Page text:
Indie authors sell to a global market, so it’s important to recognize the universally shared experience of the pandemic. The health and economic devastation wrought by Covid-19 has been nothing short of cataclysmic and has had an impact on every country and community. The world economy is in recession.
The largest markets for English-language books—the United States and United Kingdom—have experienced higher per capita infection rates and, therefore, greater economic dislocation than the other primary markets: Canada, Australia, and New Zealand. This is most likely a result of political leadership. The U.S. and U.K. governments failed to take the pandemic seriously early on, whereas Canada, Australia, and New Zealand enacted more competent and effective responses that mitigated the human and economic toll in those countries.
Against the above backdrop, I share five predictions about what indie authors can expect in the months and years ahead:
1. Consumers will become more frugal in the hardest-hit economies. When household income is reduced due to unemployment, a greater share of it must go to basic necessities such as food and shelter before it can go to books. Frugality is contagious. Unemployment and general economic uncertainty breed frugal consumers.
2. Economic recovery will be slower than expected.The global economy is unlikely to return to a pre-pandemic normal until vaccines or effective treatments are widely available. Once vaccines or treatments are available, it will take time to rebuild broken economies.
3. More people will stay home. For people to step out of their homes, they must trust that their fellow humans aren’t going to infect them with a deadly virus. This fear will influence how people live their lives, and how and where they choose to spend their time and money.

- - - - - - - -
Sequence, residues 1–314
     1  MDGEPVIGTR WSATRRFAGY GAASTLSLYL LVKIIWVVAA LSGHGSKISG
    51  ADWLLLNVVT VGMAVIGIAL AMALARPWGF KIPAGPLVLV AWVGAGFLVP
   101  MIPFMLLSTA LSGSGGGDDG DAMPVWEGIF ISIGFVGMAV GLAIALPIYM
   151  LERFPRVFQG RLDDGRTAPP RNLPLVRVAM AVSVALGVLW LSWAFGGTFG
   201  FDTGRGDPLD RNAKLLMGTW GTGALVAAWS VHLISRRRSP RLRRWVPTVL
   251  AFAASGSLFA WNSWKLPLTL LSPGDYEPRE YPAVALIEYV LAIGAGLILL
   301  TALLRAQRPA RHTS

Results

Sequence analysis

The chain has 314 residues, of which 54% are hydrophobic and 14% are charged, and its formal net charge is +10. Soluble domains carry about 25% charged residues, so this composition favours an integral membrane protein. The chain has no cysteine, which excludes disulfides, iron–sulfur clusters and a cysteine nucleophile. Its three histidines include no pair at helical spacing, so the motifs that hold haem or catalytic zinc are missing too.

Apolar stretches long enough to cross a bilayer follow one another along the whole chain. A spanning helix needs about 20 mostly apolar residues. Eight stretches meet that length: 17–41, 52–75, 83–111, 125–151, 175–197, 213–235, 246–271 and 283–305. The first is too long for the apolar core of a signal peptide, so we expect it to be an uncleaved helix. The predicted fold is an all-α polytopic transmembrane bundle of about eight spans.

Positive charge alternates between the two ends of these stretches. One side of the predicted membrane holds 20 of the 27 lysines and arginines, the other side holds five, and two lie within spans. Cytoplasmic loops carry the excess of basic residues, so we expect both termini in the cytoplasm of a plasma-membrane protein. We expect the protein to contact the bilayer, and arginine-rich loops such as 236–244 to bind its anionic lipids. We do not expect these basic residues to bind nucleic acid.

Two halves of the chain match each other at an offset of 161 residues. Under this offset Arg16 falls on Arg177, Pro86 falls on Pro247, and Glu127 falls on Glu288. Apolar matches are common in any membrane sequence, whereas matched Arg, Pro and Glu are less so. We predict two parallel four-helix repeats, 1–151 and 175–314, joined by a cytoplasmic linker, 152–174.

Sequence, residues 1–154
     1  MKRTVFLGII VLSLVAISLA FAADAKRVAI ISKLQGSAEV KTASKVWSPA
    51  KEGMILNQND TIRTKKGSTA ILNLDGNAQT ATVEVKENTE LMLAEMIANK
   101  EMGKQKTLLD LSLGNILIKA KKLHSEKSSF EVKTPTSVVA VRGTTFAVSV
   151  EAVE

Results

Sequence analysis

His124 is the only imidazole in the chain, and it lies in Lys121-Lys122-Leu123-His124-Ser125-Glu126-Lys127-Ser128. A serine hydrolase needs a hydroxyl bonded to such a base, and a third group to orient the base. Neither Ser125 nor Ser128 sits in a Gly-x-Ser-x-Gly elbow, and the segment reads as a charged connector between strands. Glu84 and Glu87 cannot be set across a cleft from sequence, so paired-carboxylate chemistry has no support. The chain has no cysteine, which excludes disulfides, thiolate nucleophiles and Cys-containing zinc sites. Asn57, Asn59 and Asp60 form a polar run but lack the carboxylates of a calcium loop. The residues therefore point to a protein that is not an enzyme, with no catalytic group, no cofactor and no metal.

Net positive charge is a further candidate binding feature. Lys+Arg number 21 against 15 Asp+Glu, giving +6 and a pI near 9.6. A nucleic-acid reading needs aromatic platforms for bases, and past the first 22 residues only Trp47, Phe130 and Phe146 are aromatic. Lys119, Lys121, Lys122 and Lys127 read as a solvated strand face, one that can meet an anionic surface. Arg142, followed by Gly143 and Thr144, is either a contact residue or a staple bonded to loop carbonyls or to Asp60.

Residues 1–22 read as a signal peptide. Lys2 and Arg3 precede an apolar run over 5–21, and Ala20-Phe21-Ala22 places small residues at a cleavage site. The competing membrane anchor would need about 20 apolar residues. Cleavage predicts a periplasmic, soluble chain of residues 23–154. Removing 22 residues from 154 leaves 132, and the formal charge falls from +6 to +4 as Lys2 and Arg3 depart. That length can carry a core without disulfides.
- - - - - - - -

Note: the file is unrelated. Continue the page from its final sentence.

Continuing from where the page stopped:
4. E-book sales will increase. With millions of newly minted budget-conscious readers stuck at home by choice, government mandate, or unemployment, readers will gravitate toward digital—some for the first time. Based on audited Smashwords sales data, indie e-book sales for the pandemic months of April and May were up 20% on average over the same months a year ago across most major e-book retailers. The growth is all the more impressive considering that most e-book retailers and indie authors experienced flat to declining sales for the prior five years.
5. More self-published books will be written. With unemployment comes more time for authors to write books. There will also likely be more workers deciding to retire earlier than planned, which could also lead to more people having more time to write more books.
Although the e-book sales bump will dissipate over time, I expect that most indie e-book authors will see increased readership and earnings for the next couple of years. These evergreen best practices are now more important than ever:
1. Commit to digital. Indie e-book authors have significant advantages over print authors, and, thanks to the pandemic, those advantages just became greater.
2. Commit to wide distribution. Authors should maintain diversified distribution so their next meal or home payment isn’t dependent on the algorithmic whims of a single retailer.
3. Build an author-controlled marketing platform. Authors should actively migrate readers to their private author newsletters so that their relationships with readers are not mediated by third-party retailers and social media platforms. Presales are a good incentive to drive sign-ups.
4. Focus on craft. Far too many authors spend excessive waking hours focused on gaming retailer algorithms and ad platforms rather than honing their craft to write better books. If a book takes readers to unimaginable heights of ecstatic joy, it will sell on the wings of reader word of mouth—algorithms and flash-in-the-pan “systems” be damned.
5. Adopt frugality as a publishing strategy. Though authors can’t control sales or the timing of an economic recovery, they can their control publishing expenses. Avoid investing large sums of money in speculative marketing campaigns. Never finance publishing with debt, and never invest money in publishing that otherwise needs to go to food and shelter. ■
Mark Coker is the founder of Smashwords and host of the Smart Author podcast.